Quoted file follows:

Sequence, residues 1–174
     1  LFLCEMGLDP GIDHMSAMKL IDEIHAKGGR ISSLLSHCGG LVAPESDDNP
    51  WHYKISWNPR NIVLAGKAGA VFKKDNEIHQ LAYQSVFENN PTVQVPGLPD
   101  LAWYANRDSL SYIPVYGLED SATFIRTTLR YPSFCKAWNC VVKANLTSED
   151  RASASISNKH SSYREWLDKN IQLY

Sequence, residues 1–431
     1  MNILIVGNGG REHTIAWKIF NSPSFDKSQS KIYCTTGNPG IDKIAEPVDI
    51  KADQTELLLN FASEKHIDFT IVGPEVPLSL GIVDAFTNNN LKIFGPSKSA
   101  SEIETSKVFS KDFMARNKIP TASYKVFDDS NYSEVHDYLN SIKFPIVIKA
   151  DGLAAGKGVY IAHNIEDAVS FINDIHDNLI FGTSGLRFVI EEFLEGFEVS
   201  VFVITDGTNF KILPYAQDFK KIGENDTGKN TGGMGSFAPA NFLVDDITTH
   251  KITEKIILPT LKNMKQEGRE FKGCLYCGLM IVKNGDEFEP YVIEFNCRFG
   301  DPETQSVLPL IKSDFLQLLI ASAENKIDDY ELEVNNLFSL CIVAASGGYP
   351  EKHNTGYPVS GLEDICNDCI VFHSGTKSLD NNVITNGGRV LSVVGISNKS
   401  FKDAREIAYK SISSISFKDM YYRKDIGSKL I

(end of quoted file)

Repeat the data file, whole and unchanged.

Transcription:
Sequence, residues 1–174
     1  LFLCEMGLDP GIDHMSAMKL IDEIHAKGGR ISSLLSHCGG LVAPESDDNP
    51  WHYKISWNPR NIVLAGKAGA VFKKDNEIHQ LAYQSVFENN PTVQVPGLPD
   101  LAWYANRDSL SYIPVYGLED SATFIRTTLR YPSFCKAWNC VVKANLTSED
   151  RASASISNKH SSYREWLDKN IQLY

Sequence, residues 1–431
     1  MNILIVGNGG REHTIAWKIF NSPSFDKSQS KIYCTTGNPG IDKIAEPVDI
    51  KADQTELLLN FASEKHIDFT IVGPEVPLSL GIVDAFTNNN LKIFGPSKSA
   101  SEIETSKVFS KDFMARNKIP TASYKVFDDS NYSEVHDYLN SIKFPIVIKA
   151  DGLAAGKGVY IAHNIEDAVS FINDIHDNLI FGTSGLRFVI EEFLEGFEVS
   201  VFVITDGTNF KILPYAQDFK KIGENDTGKN TGGMGSFAPA NFLVDDITTH
   251  KITEKIILPT LKNMKQEGRE FKGCLYCGLM IVKNGDEFEP YVIEFNCRFG
   301  DPETQSVLPL IKSDFLQLLI ASAENKIDDY ELEVNNLFSL CIVAASGGYP
   351  EKHNTGYPVS GLEDICNDCI VFHSGTKSLD NNVITNGGRV LSVVGISNKS
   401  FKDAREIAYK SISSISFKDM YYRKDIGSKL I